PLANS to make the Cotswolds a National Park ‘do not fit the aspirations’ of West Oxfordshire residents, according to the district council leader.

West Oxfordshire District Council’s cabinet rejected the Cotswolds Conservation Board’s (CCB) proposal to upgrade the area from an Area of Outstanding Natural Beauty (AONB) last week.

The CCB says National Park status would bring extra investment and boost tourism, alongside producing a coherent strategy for the region.

This would involve a single body for planning, with representatives from all 15 local authorities in the Cotswolds, which Mr Mills claimed would ‘complicate’ decisions.

He also believes the organisation has not examined all the effects of National Park status and called for the CCB to look beyond tourism.

The council chief said: “Heritage, the environment and the visitor economy are all hugely important to West Oxfordshire.

“But the Cotswolds is a living, breathing community of people that actually live there, and not just tourists.

“There are key areas where they haven’t spoken to as many people as they could have. I don’t think it fits in with the aspirations of local people.”

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The National Park proposal is one of four ambitions in the Cotswolds AONB Management Plan 2018-2023, which the CCB wants each local authority in the AONB to formally endorse by February 1. But councillors rejected this, along with the ambition for the Cotswolds to be the ‘Walking and Exploring Capital of England’.

Officers believe the idea has been promoted ‘without a full assessment of the advantages and disadvantages' and without ‘extensive public consultation’.

The West Oxfordshire Cotswolds span north of the A40 to Chipping Norton, with parts stretching to Woodstock. Mr Mills stressed he wanted to keep an ‘open dialogue’ with the CCB, but he believes the district’s local plan, adopted last September, gives the same weight to conserving the Cotswolds as a National Park plan.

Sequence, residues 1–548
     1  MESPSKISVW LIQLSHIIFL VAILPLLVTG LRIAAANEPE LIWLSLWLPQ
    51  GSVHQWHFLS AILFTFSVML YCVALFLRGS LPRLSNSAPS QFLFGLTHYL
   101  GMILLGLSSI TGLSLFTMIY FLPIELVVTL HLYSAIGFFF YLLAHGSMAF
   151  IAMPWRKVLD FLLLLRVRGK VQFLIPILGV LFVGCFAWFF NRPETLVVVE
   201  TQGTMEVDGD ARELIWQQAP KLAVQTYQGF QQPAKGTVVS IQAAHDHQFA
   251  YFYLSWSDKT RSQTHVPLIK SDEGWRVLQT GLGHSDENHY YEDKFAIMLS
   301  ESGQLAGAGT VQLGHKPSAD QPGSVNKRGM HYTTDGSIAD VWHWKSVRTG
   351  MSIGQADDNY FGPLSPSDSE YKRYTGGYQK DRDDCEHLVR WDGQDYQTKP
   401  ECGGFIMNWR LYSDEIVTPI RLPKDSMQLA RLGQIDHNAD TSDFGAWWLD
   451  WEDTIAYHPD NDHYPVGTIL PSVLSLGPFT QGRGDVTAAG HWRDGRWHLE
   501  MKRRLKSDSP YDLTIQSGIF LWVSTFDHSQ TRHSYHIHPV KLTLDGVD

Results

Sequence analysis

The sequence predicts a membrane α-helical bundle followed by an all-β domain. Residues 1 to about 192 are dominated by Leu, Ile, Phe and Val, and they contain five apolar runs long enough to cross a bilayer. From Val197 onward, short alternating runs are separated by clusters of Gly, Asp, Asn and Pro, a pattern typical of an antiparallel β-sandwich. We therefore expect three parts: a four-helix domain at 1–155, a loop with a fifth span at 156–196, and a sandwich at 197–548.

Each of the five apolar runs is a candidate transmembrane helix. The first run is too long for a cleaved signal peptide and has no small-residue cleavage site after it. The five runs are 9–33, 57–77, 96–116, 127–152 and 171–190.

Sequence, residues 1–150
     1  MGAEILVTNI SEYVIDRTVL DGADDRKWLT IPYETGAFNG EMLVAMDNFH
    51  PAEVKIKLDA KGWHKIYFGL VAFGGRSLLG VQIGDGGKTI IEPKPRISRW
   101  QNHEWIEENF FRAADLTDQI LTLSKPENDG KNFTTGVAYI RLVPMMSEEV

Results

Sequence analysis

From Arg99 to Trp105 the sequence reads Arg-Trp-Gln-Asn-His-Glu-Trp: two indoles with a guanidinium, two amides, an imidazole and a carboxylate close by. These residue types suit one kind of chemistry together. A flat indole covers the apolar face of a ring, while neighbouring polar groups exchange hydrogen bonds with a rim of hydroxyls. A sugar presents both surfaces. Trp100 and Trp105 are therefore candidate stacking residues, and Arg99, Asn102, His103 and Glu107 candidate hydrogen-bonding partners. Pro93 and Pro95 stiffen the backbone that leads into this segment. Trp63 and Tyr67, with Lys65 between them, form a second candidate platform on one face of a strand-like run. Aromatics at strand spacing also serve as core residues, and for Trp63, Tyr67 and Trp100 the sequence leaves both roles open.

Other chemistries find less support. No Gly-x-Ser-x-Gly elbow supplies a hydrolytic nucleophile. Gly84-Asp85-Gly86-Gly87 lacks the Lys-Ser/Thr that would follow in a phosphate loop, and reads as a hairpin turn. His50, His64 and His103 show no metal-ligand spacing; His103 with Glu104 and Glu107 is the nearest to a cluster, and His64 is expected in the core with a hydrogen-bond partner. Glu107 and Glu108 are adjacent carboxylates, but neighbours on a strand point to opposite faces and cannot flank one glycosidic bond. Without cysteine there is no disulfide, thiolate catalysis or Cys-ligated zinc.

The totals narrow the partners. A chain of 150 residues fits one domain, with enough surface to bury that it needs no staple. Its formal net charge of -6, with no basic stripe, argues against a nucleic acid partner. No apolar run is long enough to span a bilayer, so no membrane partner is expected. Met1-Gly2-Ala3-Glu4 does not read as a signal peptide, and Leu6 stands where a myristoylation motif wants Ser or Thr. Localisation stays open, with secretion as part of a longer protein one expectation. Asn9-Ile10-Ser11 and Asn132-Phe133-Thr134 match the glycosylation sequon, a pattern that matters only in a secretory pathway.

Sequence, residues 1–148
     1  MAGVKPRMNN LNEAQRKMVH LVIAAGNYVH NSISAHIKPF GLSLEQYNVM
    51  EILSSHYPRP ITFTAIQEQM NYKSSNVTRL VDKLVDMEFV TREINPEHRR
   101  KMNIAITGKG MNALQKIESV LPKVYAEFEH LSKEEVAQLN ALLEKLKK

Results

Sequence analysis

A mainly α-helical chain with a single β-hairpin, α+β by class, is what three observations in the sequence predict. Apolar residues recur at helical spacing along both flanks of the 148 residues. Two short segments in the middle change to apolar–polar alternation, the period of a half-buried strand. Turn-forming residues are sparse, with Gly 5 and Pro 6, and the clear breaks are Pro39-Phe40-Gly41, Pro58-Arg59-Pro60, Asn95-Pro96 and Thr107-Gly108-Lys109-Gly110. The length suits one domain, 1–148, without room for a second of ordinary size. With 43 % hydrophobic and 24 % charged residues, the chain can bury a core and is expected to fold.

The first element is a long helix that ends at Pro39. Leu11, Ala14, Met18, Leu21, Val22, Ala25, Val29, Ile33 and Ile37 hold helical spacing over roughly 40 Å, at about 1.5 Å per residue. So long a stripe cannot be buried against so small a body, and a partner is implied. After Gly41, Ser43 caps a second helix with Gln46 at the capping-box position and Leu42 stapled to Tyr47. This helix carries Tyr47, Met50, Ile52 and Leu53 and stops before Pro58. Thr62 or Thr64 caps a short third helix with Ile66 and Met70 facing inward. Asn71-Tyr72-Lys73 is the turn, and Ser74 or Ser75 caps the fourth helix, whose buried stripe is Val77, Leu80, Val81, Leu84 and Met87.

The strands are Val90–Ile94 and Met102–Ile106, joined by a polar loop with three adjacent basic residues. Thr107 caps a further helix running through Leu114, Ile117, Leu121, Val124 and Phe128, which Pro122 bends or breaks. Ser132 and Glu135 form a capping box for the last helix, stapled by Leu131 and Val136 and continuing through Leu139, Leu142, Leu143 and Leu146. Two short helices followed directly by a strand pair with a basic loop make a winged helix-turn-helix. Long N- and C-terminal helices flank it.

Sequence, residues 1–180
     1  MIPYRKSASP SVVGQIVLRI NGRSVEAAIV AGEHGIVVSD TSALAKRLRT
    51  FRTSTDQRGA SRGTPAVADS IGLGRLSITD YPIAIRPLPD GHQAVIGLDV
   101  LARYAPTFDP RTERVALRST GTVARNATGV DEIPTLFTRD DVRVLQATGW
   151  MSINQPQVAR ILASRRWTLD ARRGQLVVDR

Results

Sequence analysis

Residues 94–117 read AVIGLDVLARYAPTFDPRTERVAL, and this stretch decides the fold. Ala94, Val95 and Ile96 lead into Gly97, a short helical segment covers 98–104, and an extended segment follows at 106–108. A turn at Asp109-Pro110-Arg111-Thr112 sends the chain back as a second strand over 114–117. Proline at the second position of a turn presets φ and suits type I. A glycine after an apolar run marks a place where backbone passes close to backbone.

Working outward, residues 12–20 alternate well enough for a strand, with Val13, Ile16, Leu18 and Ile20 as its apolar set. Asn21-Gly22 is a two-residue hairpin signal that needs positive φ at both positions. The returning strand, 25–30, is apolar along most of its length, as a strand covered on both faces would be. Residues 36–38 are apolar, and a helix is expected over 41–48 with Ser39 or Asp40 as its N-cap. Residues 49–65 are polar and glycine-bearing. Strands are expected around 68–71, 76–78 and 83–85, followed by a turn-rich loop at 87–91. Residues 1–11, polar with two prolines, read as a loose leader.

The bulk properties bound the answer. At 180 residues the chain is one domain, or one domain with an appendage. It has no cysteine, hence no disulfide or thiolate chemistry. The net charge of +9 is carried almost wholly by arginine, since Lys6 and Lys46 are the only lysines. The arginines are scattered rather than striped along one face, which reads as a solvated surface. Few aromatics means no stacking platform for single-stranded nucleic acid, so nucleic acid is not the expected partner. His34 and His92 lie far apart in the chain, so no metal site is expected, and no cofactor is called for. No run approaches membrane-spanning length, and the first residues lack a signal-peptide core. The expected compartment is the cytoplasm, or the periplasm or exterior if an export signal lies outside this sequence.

He said: “If you’d asked people a year ago they would have thought it was a fantastic idea. We have a local plan in place which gives a lot of protection to our part of the Cotswolds.”

The Cotswolds receives 23 million visitors a year, the third largest of any protected landscape in the UK.

Three rounds of consultations on the issue began in summer 2017 and director Martin Lane insisted the CCB had acknowledged both ‘advantages and concerns’.

He added: “The Cotswolds is already phenomenally well-known and a national park would bring the additional facilities.

“The investment in national parks is greater than we’re able to invest, so this additional resource would benefit the tourism industry and visitors who come here.”

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Jim Clemence, a trustee of Friends of the West Oxfordshire Cotswolds charity, also supported the plan.

He said: “This hugely important national landscape and tourism asset badly needs the recognition and joined-up high quality management that National Park status would bring.

“The proposal is not about additional protection but it will help ensure existing protections are properly and consistently applied so that the nation’s goals of conserving and enhancing the landscape, and promoting the enjoyment of it, are delivered.”